Polly Findlay, Alex Lowde and above all Richard Wilson as Krapp have joined forces to give us, quite simply, as good an account of Samuel Beckett’s great writing as you are ever likely to see. A young man who left the theatre alongside me was saying to his friends, “That was quite remarkable” and that is exactly the right word. This is a piece of true theatre that leaves you a different person after seeing it, a short, intense time spent in another place. You had to be there…….. and I will never forget that I was.

Waiting For Godot. West Yorkshire Playhouse and Talawa Theatre Company. West Yorkshire Playhouse

Waiting For Godot is one of the greatest plays of the twentieth century. It brings us face to face with what it means to be human, what it really means when you strip away all the distractions and consolations that we surround ourselves with, and it allows us no escape. Like Vladimir and Estragon we are also forced to wait, and even when we claim to be going somewhere we are still in the same place, still human, still faced with our own mortality. While this is undeniably bleak, especially given that Beckett does not allow his characters the consolation of faith in a divine being (there is a reason why Godot never turns up) and there are some searingly chilling statements and speeches, there is also great humour and absurdity in the human condition. Beckett is a fearless writer, and because he is prepared to face the reality of being human head on he is also able to show the absurdity behind our predicament and allow us to laugh along with the pain. Few writers have ever tackled this to such magnificent effect. It is scary stuff- not for the faint hearted- but if you allow yourself to feel the chill of the brevity of human life in speeches like:

“Astride of a grave and a difficult birth. Down in the hole, lingeringly, the gravedigger puts on the forceps.”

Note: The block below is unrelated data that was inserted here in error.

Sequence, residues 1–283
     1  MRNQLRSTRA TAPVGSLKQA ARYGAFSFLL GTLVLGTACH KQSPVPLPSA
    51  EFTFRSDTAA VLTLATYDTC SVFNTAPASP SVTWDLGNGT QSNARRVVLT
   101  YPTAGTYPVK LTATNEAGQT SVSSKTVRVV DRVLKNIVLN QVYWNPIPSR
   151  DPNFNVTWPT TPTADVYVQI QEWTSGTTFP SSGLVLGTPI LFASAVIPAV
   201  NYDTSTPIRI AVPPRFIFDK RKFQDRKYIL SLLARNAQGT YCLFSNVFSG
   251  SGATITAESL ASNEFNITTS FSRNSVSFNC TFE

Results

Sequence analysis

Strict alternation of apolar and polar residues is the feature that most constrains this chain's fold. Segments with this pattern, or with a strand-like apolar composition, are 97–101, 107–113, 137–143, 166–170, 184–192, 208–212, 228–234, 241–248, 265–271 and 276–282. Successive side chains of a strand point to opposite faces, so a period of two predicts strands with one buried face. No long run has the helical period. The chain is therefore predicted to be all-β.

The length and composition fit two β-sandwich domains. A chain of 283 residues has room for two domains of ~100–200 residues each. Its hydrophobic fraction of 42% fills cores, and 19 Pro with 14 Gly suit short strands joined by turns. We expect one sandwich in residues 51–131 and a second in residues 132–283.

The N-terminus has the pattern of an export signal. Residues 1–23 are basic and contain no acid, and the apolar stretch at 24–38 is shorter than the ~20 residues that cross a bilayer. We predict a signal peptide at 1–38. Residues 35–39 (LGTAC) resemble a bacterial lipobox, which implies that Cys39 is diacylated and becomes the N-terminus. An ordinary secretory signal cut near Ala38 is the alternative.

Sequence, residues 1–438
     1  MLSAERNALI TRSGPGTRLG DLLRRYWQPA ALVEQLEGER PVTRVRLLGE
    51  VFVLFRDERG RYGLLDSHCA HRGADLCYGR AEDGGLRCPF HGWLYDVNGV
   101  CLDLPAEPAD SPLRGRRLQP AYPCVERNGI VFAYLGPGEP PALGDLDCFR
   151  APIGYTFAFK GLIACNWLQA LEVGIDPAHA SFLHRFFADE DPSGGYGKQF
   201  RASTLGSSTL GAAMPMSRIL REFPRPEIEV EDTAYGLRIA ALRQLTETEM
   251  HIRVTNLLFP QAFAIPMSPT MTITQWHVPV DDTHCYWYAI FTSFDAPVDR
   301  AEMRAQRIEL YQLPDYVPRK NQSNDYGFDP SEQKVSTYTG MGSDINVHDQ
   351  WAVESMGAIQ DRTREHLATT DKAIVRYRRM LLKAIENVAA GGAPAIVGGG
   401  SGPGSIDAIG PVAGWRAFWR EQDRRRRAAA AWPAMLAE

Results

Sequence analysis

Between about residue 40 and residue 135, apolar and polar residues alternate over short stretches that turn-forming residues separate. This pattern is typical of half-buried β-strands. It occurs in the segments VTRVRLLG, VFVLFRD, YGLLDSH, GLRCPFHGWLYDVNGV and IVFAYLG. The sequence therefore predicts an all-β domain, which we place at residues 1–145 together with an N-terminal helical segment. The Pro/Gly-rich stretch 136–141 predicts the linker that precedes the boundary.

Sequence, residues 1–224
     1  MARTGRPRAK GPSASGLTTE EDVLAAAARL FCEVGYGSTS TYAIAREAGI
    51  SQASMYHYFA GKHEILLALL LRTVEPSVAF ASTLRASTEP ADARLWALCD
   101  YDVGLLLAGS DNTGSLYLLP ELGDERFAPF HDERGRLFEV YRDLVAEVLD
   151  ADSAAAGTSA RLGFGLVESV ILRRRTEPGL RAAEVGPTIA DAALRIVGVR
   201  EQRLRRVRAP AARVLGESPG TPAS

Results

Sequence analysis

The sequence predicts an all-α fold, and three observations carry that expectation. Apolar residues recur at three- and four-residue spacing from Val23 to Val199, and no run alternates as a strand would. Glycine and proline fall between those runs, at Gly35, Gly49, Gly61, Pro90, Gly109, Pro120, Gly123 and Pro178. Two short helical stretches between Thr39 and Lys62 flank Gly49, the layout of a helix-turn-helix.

then you will feel the exhilaration of knowing that even in the face of that it is still possible to find joy.

“The tears of the world are a constant quantity. For each one who begins to weep somewhere else another stops. The same is true of the laugh. Let us not then speak ill of our generation, it is not any unhappier than its predecessors. Let us not speak well of it either. Let us not speak of it at all. It is true the population has increased.”

Jeffrey Kissoon and Patrick Robinson. Production still by Richard Hubert Smith.

We are all waiting and we always have been, but people are still finding happiness, still loving. As Vladimir says in one of the plays most famous motifs, “there is nothing to be done.” What Beckett does, after showing us this reality, is celebrate the fact that the human spirit can carry on, driven by an inner strength and kindness in the face of tragedy and absurdity, and avoid despair. Vladimir and Estragon will be back again to wait as each new day dawns and however tedious and painful they may find it they will never give in. They may talk about hanging themselves but they won’t. There is something rather magnificent about that. They have accepted themselves and the reality of their situation in a way that Pozzo and Lucky, their “visitors” have not. Both Pozzo and Lucky are still fighting against the reality of their mortality, Pozzo by his cruelty and self obsession which gives him an illusion of control over his destiny, and Lucky by a mute acceptance which is a kind of blinkered anger, allowed release in only one terrifying burst showing us the horror of his interior turmoil when he allows it to surface.

Fisayo Akinade. Production still by Richard Hubert Smith.